Have you ever wanted to be a marine biologist? What animal would you want to study? Dolphins? Sea Turtles? Sharks? My name is Megan and I am an Education Program Specialist at the North Carolina Aquarium at Fort Fisher and I get to learn about them all!
I decided in middle school I wanted to be a marine biologist. I dreamed of driving a submarine to study jellyfish. As time went on, I realized I wasn’t actually interested in doing research. What I really wanted to do was tell people about the amazing things living in the ocean. So I went to school at the University of North Carolina at Wilmington (UNCW) and studied marine biology. I also received a teaching license so I could work as an educator in aquariums.
After college, I moved to the Florida Keys to teach kids about the ocean in the ocean! It was lots of fun. Then I accepted an offer in Tennessee to work with an aquarium. After a couple years, I had an opportunity to move back to the ocean for graduate school. I completed a Masters in Environmental Studies at UNCW and was hired by the North Carolina Aquarium at Fort Fisher. Here I get to help people discover what makes the ocean amazing. Lately, I’ve been doing a lot of work with sea turtles.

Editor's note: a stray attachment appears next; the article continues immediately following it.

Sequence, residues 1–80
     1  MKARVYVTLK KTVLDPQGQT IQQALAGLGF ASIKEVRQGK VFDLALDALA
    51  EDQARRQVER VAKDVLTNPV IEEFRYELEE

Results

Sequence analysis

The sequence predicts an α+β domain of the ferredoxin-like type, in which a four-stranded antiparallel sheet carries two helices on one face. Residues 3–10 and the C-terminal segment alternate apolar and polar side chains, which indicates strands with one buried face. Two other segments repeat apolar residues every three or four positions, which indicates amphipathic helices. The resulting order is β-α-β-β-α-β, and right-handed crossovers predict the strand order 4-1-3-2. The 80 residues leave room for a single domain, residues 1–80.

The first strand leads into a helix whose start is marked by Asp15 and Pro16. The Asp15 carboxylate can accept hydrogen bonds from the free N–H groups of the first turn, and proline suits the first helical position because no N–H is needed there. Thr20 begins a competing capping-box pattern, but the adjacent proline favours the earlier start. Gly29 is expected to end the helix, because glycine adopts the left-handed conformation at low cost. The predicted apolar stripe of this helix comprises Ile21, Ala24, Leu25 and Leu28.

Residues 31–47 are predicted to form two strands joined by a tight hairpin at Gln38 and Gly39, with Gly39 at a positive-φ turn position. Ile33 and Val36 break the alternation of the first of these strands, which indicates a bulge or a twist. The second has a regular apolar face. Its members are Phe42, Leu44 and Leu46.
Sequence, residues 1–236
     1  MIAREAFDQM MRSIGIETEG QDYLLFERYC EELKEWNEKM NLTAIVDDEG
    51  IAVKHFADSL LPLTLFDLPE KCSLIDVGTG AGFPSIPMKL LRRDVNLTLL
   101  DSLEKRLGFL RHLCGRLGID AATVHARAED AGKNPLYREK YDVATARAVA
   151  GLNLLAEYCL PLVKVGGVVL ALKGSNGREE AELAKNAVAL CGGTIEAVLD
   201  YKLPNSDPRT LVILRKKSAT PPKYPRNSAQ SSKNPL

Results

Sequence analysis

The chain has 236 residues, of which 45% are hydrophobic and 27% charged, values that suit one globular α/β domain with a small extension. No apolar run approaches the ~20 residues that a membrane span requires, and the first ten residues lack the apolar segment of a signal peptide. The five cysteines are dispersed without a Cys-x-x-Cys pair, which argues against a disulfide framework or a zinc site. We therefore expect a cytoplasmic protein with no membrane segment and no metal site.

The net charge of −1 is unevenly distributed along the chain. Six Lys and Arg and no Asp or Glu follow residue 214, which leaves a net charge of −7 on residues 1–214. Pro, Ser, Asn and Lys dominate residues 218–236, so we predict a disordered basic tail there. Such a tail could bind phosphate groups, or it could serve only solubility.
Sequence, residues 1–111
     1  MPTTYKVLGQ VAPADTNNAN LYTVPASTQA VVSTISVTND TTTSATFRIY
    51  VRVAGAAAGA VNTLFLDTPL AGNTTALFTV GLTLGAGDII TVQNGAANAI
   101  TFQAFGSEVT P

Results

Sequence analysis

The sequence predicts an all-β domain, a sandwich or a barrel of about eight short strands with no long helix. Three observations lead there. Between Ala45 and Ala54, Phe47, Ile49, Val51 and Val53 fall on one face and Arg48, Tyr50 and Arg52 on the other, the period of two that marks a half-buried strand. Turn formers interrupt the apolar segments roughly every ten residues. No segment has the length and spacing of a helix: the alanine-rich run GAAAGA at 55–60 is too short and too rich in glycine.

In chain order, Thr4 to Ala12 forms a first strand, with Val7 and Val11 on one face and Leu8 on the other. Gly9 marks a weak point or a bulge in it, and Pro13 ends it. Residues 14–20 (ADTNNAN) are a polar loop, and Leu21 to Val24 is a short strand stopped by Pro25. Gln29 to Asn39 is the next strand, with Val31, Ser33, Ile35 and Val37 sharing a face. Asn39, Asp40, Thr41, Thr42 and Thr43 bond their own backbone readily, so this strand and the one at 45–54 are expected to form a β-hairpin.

I developed Sea Turtle Exploration to help teach students about science, technology, engineering and math through the eyes of sea turtles. By using our curriculum and following this blog, you will learn what makes sea turtles unique, their importance in the web of life, and how you can help protect them. You will learn how scientists use math, engineering and problem solving when working with our sea turtles. Learn more about our website on the About Page.
Each week, I will share a blog post with you. Some will be from guest writers that work with sea turtles in the wild. Others will be from people who work with sea turtles at the aquarium. As we journey together, you will also get to watch as our hatchling turtles grow at the aquarium. Every year, the North Carolina Aquarium at Fort Fisher exhibits rescued sea turtle hatchlings. In order for the aquarium to keep these hatchlings, a federal permit must be obtained. The turtles receive the best care possible and are closely monitored. Each week the turtles are weighed and measured to determine how much they are growing. I have created a lesson plan, Hatchling to Yearling, to help you monitor our turtles’ growth over the course of the year. We are still waiting on our new hatchling turtles for 2014-2015. Once they are here I will begin sharing their information.
Join me next week and I’ll introduce you to Carol, one of our staff members that helps care for our sea turtles. If you were a marine biologist, what animal would you want to study? Share your answer in the comments below!